Media Response To National Crises Essay, Research Paper During the first half of the 20th Century the nation and the media had to face some of the gravest crises in modern history. Media responses to these crises suggest the
Media Response To National Crises Essay, Research Paper
During the first half of the 20th Century the nation and the media had to face
some of the gravest crises in modern history. Media responses to these crises suggest the
basic questions about the relationship between the media and modern society. In a final
analysis the media during the national crisis of 1917-1945 should be judged as a
constructive force for combating immense national threats to democracy. Most of the
media?s actions demonstrate constructive patriotism.
World War I was a major crises for this nation and led to media coverage and
foreign correspondence like never before. When the United States entered the war the
CPI was formed which coordinated the media and war effort. Their job was to inform
and influence the press. The information was usually accurate but it is easy to see how
the CPI could use the press to further the American war effort. The CPI had newspaper
editors voluntarily censor their material according to the CPI?s guidelines of material that
should be kept secret. Since the press supported the war, they cooperated with the CPI.
Even though newspapers had information the public would be interested in, they would
censor that information because they believed in the overall goal of furthering the war
effort, not giving information to the enemy, and mobilizing public support for the war.
The same is true for the Great Depression.
During the Great Depression President Hoover had asked the press to use caution
and not to make matters worse. It is said that newspapers ?did not need the nudge?
(Sloan, Startt, 324). Instead of reporting on specific matters about the economy or
political action, newspapers published happier stories as not to upset their readers. This
was an effort that newspapers thought was for the common good. By not upsetting or
alarming their readers, widespread panic would not happen. Media during the Great
Depression is another example of how the media curtailed themselves and published
stories which they believed would better serve the American cause. They would limit
emotion and not upset people. The New Deal brought on more patriotic press reporting.
President Franklin Roosevelt realized the value of the press, so he set out to win
their favor. He interacted much more with the media and radio trying to get his ideas
across. Much like the efforts in World War I a lot of news information about the New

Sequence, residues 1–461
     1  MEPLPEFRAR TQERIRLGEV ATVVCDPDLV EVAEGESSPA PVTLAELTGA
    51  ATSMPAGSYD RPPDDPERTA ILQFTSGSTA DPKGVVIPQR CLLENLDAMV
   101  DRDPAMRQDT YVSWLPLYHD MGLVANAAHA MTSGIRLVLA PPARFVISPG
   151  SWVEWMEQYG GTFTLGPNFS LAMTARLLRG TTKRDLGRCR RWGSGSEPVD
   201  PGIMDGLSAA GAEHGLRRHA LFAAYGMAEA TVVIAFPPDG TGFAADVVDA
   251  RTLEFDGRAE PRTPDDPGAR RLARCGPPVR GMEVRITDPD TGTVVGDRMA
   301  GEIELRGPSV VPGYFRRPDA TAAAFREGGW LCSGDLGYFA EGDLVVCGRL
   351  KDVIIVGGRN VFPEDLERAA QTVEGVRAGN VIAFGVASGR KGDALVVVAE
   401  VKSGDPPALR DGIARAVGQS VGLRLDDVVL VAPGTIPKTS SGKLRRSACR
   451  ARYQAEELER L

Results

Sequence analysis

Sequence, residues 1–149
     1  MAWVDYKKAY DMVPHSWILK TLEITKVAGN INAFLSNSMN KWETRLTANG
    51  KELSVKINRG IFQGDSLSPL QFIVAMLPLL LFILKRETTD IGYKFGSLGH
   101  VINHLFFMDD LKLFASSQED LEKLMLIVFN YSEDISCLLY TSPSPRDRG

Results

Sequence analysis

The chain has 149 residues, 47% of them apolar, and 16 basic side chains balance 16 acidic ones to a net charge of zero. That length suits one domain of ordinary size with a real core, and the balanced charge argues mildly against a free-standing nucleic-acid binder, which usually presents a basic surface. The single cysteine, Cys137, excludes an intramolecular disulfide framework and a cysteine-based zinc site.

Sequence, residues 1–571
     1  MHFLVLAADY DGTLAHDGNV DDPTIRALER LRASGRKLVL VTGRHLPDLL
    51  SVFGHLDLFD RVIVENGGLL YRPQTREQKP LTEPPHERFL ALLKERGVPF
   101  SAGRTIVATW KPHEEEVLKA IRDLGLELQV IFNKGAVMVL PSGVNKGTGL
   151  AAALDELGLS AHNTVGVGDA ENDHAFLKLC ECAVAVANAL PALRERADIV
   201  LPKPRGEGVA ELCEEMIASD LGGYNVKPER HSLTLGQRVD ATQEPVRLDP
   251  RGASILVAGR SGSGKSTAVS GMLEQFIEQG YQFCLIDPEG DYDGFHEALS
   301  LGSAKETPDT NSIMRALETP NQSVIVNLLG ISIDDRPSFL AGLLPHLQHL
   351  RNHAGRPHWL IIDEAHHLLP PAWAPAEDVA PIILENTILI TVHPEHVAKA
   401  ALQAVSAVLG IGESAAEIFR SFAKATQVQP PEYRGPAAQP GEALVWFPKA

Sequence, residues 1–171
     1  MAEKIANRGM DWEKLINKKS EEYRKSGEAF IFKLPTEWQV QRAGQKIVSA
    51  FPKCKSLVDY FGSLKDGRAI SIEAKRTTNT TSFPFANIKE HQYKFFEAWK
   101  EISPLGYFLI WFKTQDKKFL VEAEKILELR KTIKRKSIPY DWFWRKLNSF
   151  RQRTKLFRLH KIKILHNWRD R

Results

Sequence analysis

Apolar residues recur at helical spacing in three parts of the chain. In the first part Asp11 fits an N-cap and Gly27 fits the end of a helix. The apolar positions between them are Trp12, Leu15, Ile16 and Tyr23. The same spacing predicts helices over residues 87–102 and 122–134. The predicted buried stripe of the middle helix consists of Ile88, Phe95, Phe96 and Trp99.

Deal and FDR was received through a central information distribution center created by
Roosevelt?s press secretary. The press was a willing participant in this and it?s easy to
see the problem this could create. Obviously the material will be favorably slanted
towards FDR, and as such the press is furthering the patriotic cause of the government.
In World War II we see a reoccurrence of some of the press manipulation we saw in
World War I.
Even before W.W.II the press at the urge of the government censored its own
material. Shortly after the bombing of Pearl Harbor the Office of Censorship was created
by FDR. For the most part the press cooperated. The Office of War Information was in
charge of publicity and information about the war. The press went further than just
reporting the war. They shaped public opinion and patriotism by their stories. By
voluntarily cooperating with government measures during the war, the press was
furthering the patriotic cause, and objectivity of news reporting was being lost.
All of the information learned about the media role in the national crises from
1917-1945 show that the media had a far greater goal than just reporting the facts. They
saw themselves as a major force that could combat national threats to democracy. They
were willing to suspend journalistic standards as we see them to further the American
cause. This was clearly evident during W.W.I and W.W.II. They printed and covered
what they thought was better for the American good. They also printed emotional stories
designed to get support for the American war effort. During the Great Depression the
media ignored some of the issues of this economic crises and concentrated instead on
happier stories, so they would not alarm or upset readers. Their goal was to keep
America from panicking and hopefully the economy would get back on track. If this
nation found a way to break free from British regulations before the Revolution, we
could have found a way to report objective information about the war. However, this was
not the intention of the media. Through their actions during American crises we see that
they had a far greater goal. Therefor the only conclusion is that the media were in fact
constructive patriots during these crises.
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